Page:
Investigation of In Vitro Cytotoxic Effects of Different Extracts of Endemic Achillea sintenisii Against MCF-7, MDA-MB-453 and HT-29 Human Cancer Cell Lines


Altın S., Köksal E., Alp C., Altay A., Akşit H., Ulutaş Y.

3rd Eurasia Biochemical Approaches & Technologies Congress (EBAT), Antalya, Turkey, 4 - 07 November 2021, pp.107

  • Publication Type: Conference Paper / Summary Text
  • City: Antalya
  • Country: Turkey
  • Page Numbers: pp.107
  • Erzincan Binali Yildirim University Affiliated: Yes

Abstract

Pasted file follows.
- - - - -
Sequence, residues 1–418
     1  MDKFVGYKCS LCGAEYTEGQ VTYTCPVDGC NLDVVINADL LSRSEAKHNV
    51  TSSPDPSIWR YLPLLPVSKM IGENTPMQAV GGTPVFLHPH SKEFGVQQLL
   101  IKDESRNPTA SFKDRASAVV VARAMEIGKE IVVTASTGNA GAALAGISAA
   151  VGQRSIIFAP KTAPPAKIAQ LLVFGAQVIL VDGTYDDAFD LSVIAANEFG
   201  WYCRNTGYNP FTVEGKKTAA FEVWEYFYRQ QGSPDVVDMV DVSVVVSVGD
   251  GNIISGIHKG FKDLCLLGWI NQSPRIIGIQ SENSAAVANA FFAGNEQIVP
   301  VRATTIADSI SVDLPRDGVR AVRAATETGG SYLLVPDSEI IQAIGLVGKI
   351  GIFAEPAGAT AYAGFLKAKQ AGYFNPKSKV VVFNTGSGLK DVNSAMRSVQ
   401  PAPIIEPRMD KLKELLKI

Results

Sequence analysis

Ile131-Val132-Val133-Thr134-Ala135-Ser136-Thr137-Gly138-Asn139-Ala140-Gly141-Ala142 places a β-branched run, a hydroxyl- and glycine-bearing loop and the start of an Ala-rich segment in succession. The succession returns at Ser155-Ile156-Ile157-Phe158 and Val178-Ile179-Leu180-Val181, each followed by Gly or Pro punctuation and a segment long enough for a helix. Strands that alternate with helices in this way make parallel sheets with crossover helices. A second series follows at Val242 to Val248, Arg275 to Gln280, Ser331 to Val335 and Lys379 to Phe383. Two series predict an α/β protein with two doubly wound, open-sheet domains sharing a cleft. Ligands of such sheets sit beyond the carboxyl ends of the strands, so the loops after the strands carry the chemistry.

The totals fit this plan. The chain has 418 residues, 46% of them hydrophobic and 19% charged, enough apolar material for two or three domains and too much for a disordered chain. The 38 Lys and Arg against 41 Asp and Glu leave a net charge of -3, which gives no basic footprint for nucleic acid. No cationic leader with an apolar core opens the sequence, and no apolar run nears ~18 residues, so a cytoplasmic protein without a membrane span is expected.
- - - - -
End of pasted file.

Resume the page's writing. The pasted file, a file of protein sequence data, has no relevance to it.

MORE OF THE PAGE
Medicinal and aromatic plants have been used for various purposes from past to present. The interest in natural and herbal treatment is increasing rapidly, especially due to the possible side effects of synthetic drugs. Due to the bioactive properties of medicinal plant extracts and secondary metabolites isolated from these plants, their use has increased especially in cancer treatment.1 Achillea is a plant belonging to the Asteraceae family. Contains more than 100 species worldwide. There are 50 species (56 taxa) in Turkey, 26 of which are endemic.2 Achillea species is used in folk medicine in the treatment of many ailments such as stopping blood, inflammatory conditions, pain relief, diuretic, carminative, wound healing and gastrointestinal diseases. 3 In this study, the cytotoxic effects of various extracts (ethyl acetate, methanol and hexane) obtained from the aerial parts of endemic A. sintenisii were investigated. The cytotoxicity of the extracts was investigated by XTT assay on human colorectal adenocarcinoma (HT-29) and human breast adenocarcinoma (MCF-7 and MDA-MB-453) cells. XTT assay results showed that ethyl acetate extract had the highest cytotoxicity against all tested cancer cell lines with low IC50 values. Especially for MDA-MB-453 human breast adenocarcinoma cell, an IC50 value of 83 µg/ml is a very important result. IC50 values for other cell lines MCF-7 and HT-29 were 138 µg/ml and 255 µg/ml, respectively, depending on dose increase. Since this study is the first anticancer study conducted for an endemic species, A. sintenisii, it makes our study original. The results of this study, while the high antiproliferative effect of A. sintenisii on human breast and colon cancer cells is promising for further studies, it also constitutes a source for other studies on this species